I don’t know that much about Keith Levene. He is most famous, of course, for being a founding member of first The Clash, and then Public Image Ltd., the group that rose from the crash and burn of The Sex Pistols. Public Image Ltd., or P.i.L., at least in terms of a genre / label, defined the term “post-punk”. Their second album, Metal Box, recorded just as internal tensions tore them apart, is a landmark in deconstructed rock.* Something that will always stand alone, towering timeless.
However, two of Keith’s band mates, John Lydon and John “Jah Wobble” Wardle, have proved more vocal, larger than life, and hogged pretty much all of the subsequent limelight. Told (their side of) all the stories. I do know, from listening to Keith’s records, and watching the online clips of him perform, that he was an amazing, innovative and original, guitarist. Tons of people have cited him as a major influence. U2’s The Edge, for example. I also know that he struggled with addiction, and interviews with former friends and associates, suggest that this had a predictably negative impact on his behaviour. Wobble gives Keith a right coating in his autobiography, Memoirs Of A Geezer, but then, in the book, Wobble gives almost everyone a right coating.
Public Image Ltd. was born out of the comings and goings at Lydon’s top floor flat, at 45 Gunter Grove, in the then arse-end of Chelsea. Anyone who was anyone in late `70s London, popped in for a puff and a can of Red Stripe. Listened to dub and krautrock on Lydon’s high-end, Japanese, stereo. Keith described John’s place as, “the best club in London”, and then he moved in. Wobble said that Keith and Lydon were like Withnail & I, except that both of them were Withnail. Gunter Grove was a melting pot of journalists, musicians, grifters, and scene-shakers, that included Don “Rebel Dread” Letts and Professor Vivien Goldman. Keith played on brilliant records fronted by both of these pop culture legends.**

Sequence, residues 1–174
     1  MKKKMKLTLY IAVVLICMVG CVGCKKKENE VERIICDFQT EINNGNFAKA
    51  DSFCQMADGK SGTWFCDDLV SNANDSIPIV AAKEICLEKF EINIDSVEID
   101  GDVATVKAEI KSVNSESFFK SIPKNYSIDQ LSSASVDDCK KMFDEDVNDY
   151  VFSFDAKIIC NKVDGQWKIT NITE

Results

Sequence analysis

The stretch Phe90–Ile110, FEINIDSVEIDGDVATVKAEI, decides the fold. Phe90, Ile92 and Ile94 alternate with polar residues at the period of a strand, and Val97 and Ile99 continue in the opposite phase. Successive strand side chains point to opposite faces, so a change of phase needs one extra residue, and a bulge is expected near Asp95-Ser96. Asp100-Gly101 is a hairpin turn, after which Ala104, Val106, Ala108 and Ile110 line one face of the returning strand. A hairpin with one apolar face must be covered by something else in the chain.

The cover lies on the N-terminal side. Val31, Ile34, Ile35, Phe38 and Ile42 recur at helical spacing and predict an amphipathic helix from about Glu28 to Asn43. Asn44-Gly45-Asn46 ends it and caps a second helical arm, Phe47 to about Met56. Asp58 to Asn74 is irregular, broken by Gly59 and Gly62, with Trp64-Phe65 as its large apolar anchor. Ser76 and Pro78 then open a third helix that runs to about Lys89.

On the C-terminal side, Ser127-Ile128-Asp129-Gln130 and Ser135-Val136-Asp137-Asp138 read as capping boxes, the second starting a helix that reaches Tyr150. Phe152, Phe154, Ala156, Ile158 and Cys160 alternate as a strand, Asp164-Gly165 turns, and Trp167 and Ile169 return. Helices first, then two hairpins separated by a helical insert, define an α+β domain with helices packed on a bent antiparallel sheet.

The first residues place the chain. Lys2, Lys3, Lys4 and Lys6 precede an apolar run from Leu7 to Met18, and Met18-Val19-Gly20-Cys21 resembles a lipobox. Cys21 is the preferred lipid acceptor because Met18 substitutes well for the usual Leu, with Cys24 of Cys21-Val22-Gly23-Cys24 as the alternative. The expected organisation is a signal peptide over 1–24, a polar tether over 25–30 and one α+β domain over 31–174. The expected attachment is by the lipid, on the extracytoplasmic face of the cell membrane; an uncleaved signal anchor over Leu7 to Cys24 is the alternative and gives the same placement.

Another regular visitor to Gunter Grove was On-U Sound’s Adrian Sherwood, and it’s Keith’s collaborations with Adrian that I am most familiar with. Trying to confirm who played what in On-U’s back catalogue is difficult to definitively determine, the studio having been more than kinda cloudy, I guess, but Keith was involved in sessions for Barmy Army, Gary Clail, Creation Rebel, Singers & Players, Dub Syndicate’s Tunes From The Missing Channel, Strike The Balance, and Stoned Immaculate.*** Doubtless, many more. On some of these, seemingly bored with the guitar, Keith is credited as bass, keys, and sampler. Wikipedia will tell you that, once decamped to Los Angeles, where he was working on film scores, Keith also pushed buttons for IceT and Tone Loc.
It’s important to point out that in later years Keith appeared to have patched up, and made peace, with a lot of the folks he had fallen out with. In more recent times, he worked, and toured, again with Wobble, on projects such as Ying & Yang, Metal Box In Dub, and the Brexit-bashing A Very British Coup.
*I don’t remember exactly when I bought my copy of Metal Box, but it must have been in the early `90s, because I wouldn’t have been able to afford it until then. Beano’s, the famous second-hand store in Croydon, had a pricey copy up on their wall for ages, years. When I asked to have a look at it, I was assisted by two members of staff. They both apologized for the state of the tin, which was, is, all rusted. I said, It was alright. I didn’t care. I was only interested in the music, not the condition the admittedly iconic packaging was in.
**The Haile Unlikely 12 went on my “wants” list after I heard Andrew Weatherall play it. Vivien Goldman’s Launderette / Private Armies has, thankfully, been reissued by Bureau B.
***A lot of my On-U records were bought on Berwick Street. Either brand new from Sister Ray, or “pre-loved” from Daddy Kool and Reckless. However, at the turn of the millennium I was working in Oxford, while living in Finsbury Park. I`d commute every day (my son was a newborn, and my partner trying to write her PhD thesis) on a Stagecoach bus. On a Friday night I`d get off at Notting Hill Gate, instead of Marble Arch, and empty Record & Tape Exchange of anything and everything On-U-related.
Keith Levene, thank you for the music. Rest In Peace Perfect Peace.